"George let Dick become a complete football player," said Petitbon, who later became renowned for his work as Washington’s defensive coordinator in the 1980s and ’90s. "George showed a lot of ingenuity in realizing what he had in this kid and a way he could use him to get the most out of him on the field at all times."
Generations after his final snap in 1973, the name "Butkus" remains synonymous with hard hits, nasty tackles and an attitude to match. In fact, the Butkus Award is annually given to college football’s top linebacker.
Where Butkus was pure force, Sayers personified athletic grace. The NFL had its share of great running backs to the point, but none who moved as fluidly as the "Kansas Comet."
"It was his ability to change direction running at full speed," Wetoska told FOX Sports. "Generally, guys who are running straight ahead have to take a side-step to juke everybody. It seemed like Gale would make all his moves going full speed."
Petitbon said it was those skills that helped Sayers quickly win over Bears veterans after he initially caused a locker-room stir with his choice of attire.
"You’re always a little leery of rookies who are supposed to be good," Petitbon said. "When he first got to camp, he was wearing something that was like rubberized pants. They were different than anyone else’s. Everyone on the team thought he was a candy-ass. Then you start watching him run and nobody could tackle him.
"Suddenly, everybody was wearing those same pants."
Sayers was flashier on the field. His first big splash came when scoring two touchdowns during a 23-14 loss to Green Bay that dropped Chicago to 0-3. The following game against the Los Angeles Rams, Sayers turned a screen pass into an 80-yard score and threw for a touchdown on a halfback option play. Sayers continued to display his versatility the following week with one of his four touchdowns coming on a 98-yard kickoff return.
And then came the game where Sayers put it all together â a 61-20 rout of San Francisco in December. Sayers rushed for four touchdowns that included a 50-yarder, scored on an 80-yard catch and sprinted into the end zone again on an 85-yard punt return. His 336-yard overall performance in that game along with a then-record 22 touchdowns for the season were the deciding factors that helped Sayers edge Butkus for NFL Rookie of the Year honors.
"I don’t think anybody was ever equal to Sayers in some of the things he did," Wetoska said. "Butkus knows no equal."
Thanks to Butkus and Sayers, Ditka said the 1965 Bears were "probably a better team than in ’63 when we won it." Petitbon agrees.
Chicago, though, never got a shot at another NFL crown.
FAILURE TO LAUNCH
At the time, the NFL didn’t have wild-cards or playoffs. It was simply the winners from the East and West divisions playing for the championship at season’s end. The 1965 Bears finished third in the West behind the 10-3-1 Packers and Baltimore Colts. The Packers subsequently won a tiebreaker game against Baltimore and then defeated Cleveland for the NFL title.
Chicago’s 9-5 finish would prove the best record experienced by Sayers or Butkus with the Bears. Major knee injuries suffered by both greatly contributed to the franchise’s subsequent failings.
Sayers was first hurt during the 1968 campaign when surgical procedures and medical treatment was not nearly as advanced as today. He no longer had the same special burst upon returning. Sayers proceeded to suffer more leg injuries and retired before the start of the 1972 season.
Butkus also experienced a loss of speed after tearing ligaments in 1970. More problems followed and he retired in 1973.
Chicago’s shortcomings, though, extended far beyond Butkus and Sayers even when both were healthy. The club was annually hamstrung by the same issues that helped send the 2014 Bears to a 5-11 record â poor quarterbacking, suspect coaching and an overmatched defense. The low point came in 1969 when the Bears finished 1-13.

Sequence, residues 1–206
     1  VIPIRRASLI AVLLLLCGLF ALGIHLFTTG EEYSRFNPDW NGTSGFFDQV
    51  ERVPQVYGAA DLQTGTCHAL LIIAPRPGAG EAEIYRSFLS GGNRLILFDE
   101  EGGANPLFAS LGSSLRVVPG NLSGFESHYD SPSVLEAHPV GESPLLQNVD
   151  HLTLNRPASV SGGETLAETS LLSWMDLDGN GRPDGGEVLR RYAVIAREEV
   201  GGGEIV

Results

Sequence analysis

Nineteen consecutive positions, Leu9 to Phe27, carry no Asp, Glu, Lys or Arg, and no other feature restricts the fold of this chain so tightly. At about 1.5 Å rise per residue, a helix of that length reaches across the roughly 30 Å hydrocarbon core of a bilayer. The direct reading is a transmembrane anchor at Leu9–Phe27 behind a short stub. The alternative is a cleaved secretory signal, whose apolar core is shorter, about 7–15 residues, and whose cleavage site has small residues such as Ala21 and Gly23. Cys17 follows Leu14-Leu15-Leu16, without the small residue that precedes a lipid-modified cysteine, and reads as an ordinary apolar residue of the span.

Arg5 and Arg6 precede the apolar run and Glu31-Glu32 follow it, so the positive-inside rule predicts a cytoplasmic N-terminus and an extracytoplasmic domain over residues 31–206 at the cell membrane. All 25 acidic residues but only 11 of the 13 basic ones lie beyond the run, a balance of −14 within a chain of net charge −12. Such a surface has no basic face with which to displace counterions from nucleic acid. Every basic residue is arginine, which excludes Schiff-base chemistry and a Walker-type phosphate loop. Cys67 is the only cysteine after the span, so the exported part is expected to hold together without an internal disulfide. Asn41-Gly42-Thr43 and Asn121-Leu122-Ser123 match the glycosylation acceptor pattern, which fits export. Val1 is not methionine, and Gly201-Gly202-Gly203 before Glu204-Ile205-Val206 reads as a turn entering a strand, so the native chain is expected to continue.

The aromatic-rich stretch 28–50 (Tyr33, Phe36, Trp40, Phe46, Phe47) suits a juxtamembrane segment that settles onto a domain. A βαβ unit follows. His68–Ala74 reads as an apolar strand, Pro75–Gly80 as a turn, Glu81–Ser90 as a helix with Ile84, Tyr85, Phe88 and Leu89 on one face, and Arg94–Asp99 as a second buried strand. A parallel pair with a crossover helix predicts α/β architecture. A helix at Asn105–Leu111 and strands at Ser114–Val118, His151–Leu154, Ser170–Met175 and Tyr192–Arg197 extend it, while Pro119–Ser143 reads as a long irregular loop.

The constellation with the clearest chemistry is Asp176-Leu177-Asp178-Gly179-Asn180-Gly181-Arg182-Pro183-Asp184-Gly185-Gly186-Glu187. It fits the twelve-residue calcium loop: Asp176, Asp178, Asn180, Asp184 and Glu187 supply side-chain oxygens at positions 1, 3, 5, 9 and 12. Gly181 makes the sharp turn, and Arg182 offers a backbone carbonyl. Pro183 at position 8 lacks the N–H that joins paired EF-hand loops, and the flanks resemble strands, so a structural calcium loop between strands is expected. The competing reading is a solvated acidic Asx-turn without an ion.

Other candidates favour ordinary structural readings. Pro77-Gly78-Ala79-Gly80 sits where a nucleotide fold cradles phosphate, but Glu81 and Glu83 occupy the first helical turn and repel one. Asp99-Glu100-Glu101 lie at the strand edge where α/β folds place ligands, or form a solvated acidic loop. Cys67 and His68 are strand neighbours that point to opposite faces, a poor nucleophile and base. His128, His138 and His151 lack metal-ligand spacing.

The lack of team achievements didn’t keep Sayers and Butkus from individual recognition as two of the game’s all-time greats. At age 34, Sayers became the youngest candidate voted into the Hall of Fame despite having only played seven seasons. Butkus received enshrinement in his first year of eligibility in 1979.
While still recognized as gridiron legends, the life’s work of both players isn’t solely defined by football either.
Sayers gained further mainstream recognition through Brian’s Song, a 1971 movie that chronicled his close friendship with fellow Bears running back Brian Piccolo as the latter suffered through what proved a fatal case of cancer.
Sayers’ post-football career included employment as a college athletics administrator and the forming of a technology company (Sayers40, Inc.). He also established a charity foundation focused on helping underfunded Chicago-area schools.
Butkus would enjoy a more diverse post-football career as an actor, announcer and celebrity product endorser. Butkus, too, founded a charity foundation that helped raise awareness for two of his pet projects — the I Play Clean anti-steroid campaign aimed at high school athletes and the Dick Butkus Center for Cardiovascular Wellness in Orange, Calif.
Butkus was inspired to start the latter when a heart screening helped save his life 12 years ago. The program is designed to offer the same testing for others at a reduced or free rate.
Butkus said roughly 60 former NFL players took advantage of the scans last year and nine of them were diagnosed with a heart issue that would otherwise have gone untreated. Butkus cites himself as "the perfect case" of why males 40-and-older should undergo screening even if hesitant to undergo medical testing like he was.
"Here I am — big, bad Butkus — and I needed a five-way bypass," Ditka said last week on an NFL media conference call. "If I didn’t have that done, I’d be in the dirt right now."
Butkus, 72, said he is still asked by fans about Chicago’s inability to make the playoffs during his run. In that regard, Butkus has no regrets.
"I loved the game," he said. "I was all about playing football. I got drafted and, lo and behold, I got to play for my own city.
"To tell you the truth, every year at camp I thought we were going to win. Even the year we went 1-13, I always had that feeling. We just didn’t."
That didn’t keep Butkus or Sayers from becoming winners in life.
Alex Marvez and co-host Elliot Harrison interviewed Mike Ditka on SiriusXM NFL Radio